Patton is no stranger to the world of videogames (some say he hosts the best LAN parties), as his voice has been used this year alone in both The Darkness and Portal, the latter of which would be in our Eureka! section if only it were an album. Patton was available for further elaboration on his role in Bionic Commando, but there was too much mustard on my sandwich this afternoon, and I have instead opted to lie down for a few minutes. More details to come, as soon as I take a shower.

Throw Some Ds On That Bitch: Bob Dylan Peddles Caddies

D is for Dylan, of course. Remember a few years back when Sir Zimmerman's Viagra really kicked in, and he did a not-so-hot TV advert with the busty babes from Victoria's Secret? There was standard outcry from those who thought an Original Outlaw like ol' Bob shouldn't be Robert Johnson-ing his soul for corporate conglomerates, but Dylan prevailed with a payday and even won back some former disciples with 2006's pretty-good-for-a-has-been Modern Times. But, to be sure, there's something inherently different between Bob selling bras and The Shins taking a tiny dicking from Mickey D's, letting them use a song in the background so dude can put a down payment on a house. If Dylan needs a paycheck, then I'm Heidi Klum.

Regardless, Bob Dylan is at it again, this time taking cues from rapper Rich Boy and getting himself a Cadillac. In what the press release calls an "innovative multi-platform marketing campaign," a new series of TV spots will double up, hawking both the 2008 Cadillac Escalade and Dylan's own "critically acclaimed" XM Radio show, Theme Time Radio Hour. Isn't one old rocker with a satellite radio show enough? Does the world really need another Little Steven's Underground Garage? In association with the beginning of the campaign, the Radio Hour even ran a Cadillac-themed episode last week, undoubtedly featuring tons of radio rap circa-2005.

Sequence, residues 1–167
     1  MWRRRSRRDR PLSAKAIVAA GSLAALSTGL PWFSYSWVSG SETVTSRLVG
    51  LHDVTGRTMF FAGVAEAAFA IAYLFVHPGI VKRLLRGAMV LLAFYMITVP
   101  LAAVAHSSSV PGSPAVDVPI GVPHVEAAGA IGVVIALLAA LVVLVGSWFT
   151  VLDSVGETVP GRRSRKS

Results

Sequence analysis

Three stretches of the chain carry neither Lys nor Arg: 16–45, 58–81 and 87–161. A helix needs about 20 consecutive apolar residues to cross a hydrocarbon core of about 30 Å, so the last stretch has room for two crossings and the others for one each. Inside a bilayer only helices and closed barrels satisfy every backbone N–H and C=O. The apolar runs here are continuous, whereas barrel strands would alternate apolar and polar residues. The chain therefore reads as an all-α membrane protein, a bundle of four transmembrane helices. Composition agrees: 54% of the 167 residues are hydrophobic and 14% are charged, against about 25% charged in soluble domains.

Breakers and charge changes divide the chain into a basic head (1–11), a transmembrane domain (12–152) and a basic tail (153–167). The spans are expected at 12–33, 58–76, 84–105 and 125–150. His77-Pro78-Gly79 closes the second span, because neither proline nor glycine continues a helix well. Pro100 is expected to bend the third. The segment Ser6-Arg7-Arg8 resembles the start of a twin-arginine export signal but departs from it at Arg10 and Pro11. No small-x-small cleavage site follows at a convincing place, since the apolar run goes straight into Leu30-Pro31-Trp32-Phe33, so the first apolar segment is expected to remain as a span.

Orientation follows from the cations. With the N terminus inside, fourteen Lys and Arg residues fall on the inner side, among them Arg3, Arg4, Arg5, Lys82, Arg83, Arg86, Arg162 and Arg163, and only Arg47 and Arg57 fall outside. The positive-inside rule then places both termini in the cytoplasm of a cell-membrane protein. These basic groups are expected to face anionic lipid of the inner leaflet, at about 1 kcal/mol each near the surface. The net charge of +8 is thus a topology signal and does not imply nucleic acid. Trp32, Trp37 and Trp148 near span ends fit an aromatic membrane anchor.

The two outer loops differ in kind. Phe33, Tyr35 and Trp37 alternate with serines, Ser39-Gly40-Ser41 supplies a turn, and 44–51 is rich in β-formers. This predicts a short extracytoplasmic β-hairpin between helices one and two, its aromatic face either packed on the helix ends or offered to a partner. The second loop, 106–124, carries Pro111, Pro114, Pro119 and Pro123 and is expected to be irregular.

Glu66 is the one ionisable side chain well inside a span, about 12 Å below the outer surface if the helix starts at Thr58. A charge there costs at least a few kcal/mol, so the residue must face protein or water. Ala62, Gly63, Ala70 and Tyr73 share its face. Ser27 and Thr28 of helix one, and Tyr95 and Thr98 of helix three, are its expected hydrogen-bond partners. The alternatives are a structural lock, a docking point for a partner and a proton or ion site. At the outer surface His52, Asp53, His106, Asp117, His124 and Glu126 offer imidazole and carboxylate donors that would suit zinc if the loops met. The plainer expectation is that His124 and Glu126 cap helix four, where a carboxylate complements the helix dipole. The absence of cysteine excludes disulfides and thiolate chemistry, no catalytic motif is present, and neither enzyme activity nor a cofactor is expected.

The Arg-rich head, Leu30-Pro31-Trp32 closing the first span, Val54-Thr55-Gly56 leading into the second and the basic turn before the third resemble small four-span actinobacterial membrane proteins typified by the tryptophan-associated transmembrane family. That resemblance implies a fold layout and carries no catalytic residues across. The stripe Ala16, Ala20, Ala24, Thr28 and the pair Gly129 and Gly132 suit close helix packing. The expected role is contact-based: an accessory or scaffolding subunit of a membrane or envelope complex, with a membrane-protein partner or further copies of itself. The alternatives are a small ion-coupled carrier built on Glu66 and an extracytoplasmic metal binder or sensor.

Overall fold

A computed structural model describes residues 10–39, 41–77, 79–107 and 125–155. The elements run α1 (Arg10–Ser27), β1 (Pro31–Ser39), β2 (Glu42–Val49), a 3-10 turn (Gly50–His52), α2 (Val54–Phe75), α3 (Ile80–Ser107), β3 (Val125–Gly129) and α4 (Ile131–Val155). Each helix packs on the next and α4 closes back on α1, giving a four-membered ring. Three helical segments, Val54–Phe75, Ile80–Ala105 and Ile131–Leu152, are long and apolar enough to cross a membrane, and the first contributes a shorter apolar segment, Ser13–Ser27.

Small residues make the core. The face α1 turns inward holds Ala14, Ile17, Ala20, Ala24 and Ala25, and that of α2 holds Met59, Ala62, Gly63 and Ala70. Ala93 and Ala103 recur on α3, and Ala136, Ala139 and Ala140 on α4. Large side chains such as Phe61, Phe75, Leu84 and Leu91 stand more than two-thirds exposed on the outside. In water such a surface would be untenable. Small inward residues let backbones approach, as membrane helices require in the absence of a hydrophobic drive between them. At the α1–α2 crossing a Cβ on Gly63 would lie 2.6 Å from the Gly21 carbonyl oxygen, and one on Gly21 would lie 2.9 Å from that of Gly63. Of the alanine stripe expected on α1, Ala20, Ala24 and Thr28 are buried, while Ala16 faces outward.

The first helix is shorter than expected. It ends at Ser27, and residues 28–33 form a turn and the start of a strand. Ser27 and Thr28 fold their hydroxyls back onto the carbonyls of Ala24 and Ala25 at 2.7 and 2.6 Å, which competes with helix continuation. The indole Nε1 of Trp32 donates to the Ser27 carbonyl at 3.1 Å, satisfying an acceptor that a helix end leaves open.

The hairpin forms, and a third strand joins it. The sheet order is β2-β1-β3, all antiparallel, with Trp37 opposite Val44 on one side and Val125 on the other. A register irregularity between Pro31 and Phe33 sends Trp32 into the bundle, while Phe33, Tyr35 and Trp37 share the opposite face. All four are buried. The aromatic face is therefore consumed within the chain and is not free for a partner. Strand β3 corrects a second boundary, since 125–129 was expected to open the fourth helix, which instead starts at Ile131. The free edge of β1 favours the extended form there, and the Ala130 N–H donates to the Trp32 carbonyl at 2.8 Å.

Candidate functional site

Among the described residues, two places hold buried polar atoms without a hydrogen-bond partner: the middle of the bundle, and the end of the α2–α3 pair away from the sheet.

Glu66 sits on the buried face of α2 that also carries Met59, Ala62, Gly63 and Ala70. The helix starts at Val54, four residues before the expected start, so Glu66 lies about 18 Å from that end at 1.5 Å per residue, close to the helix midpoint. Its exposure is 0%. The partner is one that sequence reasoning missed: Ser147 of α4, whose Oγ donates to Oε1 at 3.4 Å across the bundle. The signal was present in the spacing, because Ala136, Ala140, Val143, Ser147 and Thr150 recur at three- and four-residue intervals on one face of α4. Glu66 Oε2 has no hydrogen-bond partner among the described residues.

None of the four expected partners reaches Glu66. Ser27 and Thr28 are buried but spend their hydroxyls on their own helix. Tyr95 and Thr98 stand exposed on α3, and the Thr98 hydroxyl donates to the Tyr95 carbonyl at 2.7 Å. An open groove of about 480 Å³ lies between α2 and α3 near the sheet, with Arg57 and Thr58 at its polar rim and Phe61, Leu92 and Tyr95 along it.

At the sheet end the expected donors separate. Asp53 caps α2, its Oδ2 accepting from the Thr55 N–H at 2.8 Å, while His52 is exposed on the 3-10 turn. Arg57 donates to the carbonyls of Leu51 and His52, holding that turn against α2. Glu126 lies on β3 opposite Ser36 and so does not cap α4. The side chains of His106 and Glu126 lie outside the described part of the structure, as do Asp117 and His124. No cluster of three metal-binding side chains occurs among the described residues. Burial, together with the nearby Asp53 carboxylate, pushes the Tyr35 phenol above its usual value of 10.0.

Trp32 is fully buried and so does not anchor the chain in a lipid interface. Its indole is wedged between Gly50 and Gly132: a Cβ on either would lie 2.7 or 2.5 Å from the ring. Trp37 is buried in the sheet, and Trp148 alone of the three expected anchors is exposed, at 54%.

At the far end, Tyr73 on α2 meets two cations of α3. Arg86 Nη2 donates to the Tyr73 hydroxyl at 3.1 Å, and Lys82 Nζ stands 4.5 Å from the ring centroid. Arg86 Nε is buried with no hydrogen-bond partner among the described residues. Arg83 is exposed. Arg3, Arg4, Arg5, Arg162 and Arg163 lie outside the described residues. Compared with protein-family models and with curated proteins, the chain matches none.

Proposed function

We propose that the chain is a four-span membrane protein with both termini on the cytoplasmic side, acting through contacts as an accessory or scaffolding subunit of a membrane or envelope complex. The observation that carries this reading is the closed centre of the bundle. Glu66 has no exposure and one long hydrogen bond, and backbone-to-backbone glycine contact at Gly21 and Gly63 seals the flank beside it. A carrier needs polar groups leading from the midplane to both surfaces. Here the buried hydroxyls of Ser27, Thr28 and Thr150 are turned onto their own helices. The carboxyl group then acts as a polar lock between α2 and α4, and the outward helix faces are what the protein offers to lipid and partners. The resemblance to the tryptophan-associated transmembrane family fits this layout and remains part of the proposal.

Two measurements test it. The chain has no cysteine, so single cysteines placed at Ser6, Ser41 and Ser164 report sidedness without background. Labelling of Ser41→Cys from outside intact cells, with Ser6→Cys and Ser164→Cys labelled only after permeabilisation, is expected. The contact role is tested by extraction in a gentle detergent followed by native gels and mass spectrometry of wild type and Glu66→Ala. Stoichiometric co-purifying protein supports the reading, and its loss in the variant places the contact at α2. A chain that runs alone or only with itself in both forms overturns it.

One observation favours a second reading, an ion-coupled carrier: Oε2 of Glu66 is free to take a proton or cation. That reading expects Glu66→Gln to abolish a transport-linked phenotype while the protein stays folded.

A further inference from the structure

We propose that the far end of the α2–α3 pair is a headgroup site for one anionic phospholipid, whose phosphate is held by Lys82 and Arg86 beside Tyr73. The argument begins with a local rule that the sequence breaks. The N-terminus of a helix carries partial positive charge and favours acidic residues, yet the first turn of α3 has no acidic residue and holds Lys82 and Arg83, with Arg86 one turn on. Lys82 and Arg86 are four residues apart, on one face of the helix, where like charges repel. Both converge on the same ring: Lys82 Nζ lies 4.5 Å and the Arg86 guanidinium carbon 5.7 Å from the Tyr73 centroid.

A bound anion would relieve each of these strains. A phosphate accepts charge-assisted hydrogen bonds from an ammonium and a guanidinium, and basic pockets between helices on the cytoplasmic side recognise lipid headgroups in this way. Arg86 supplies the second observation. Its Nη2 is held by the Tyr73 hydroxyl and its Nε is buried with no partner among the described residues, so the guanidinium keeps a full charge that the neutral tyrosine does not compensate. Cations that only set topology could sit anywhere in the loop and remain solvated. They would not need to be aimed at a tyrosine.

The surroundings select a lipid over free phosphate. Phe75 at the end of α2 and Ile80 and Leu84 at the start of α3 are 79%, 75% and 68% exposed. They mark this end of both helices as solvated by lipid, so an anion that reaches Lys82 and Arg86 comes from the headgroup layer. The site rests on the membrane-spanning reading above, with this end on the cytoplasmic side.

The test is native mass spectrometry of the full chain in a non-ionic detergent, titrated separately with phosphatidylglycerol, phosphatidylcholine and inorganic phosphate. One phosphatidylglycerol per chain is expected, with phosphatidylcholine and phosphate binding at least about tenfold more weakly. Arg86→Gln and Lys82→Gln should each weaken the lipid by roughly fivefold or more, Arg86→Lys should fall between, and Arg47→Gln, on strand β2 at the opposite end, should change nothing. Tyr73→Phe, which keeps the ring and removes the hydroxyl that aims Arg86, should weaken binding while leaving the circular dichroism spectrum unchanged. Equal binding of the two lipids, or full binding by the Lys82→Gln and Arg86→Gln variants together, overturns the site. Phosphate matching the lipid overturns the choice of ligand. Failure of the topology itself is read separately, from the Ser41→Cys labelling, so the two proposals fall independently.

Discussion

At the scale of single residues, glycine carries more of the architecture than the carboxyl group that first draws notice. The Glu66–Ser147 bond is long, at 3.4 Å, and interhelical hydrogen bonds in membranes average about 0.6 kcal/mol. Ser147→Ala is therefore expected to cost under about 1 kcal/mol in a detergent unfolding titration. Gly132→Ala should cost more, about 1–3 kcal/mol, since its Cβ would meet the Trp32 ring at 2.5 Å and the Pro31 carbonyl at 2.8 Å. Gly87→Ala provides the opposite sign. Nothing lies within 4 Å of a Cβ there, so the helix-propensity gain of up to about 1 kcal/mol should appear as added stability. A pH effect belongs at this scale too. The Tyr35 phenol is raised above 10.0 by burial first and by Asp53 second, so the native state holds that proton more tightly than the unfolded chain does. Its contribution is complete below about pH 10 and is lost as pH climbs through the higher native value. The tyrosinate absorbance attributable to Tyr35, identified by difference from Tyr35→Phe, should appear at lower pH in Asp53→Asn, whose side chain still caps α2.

In a curious twist, one of the spots even features music from everyone's favorite neo-troubadour and Joanna Newsom's arm candy Bill Callahan, formerly known as Smog and/or (smog). The song "Held," from 1999's Knock Knock, scores one version of the commercial which also features Dylan admittedly looking pretty dapper in a desert setting, hugging curves (professional driver on closed course) in none other than a blinged-out, eco-friendly Escalade. Dylan, though, might as well be speaking Mandarin, because he sounds like he did on MTV Unplugged. Oh, and there's no hot women. Win: Victoria's Secret.

Two of the ads can be seen here.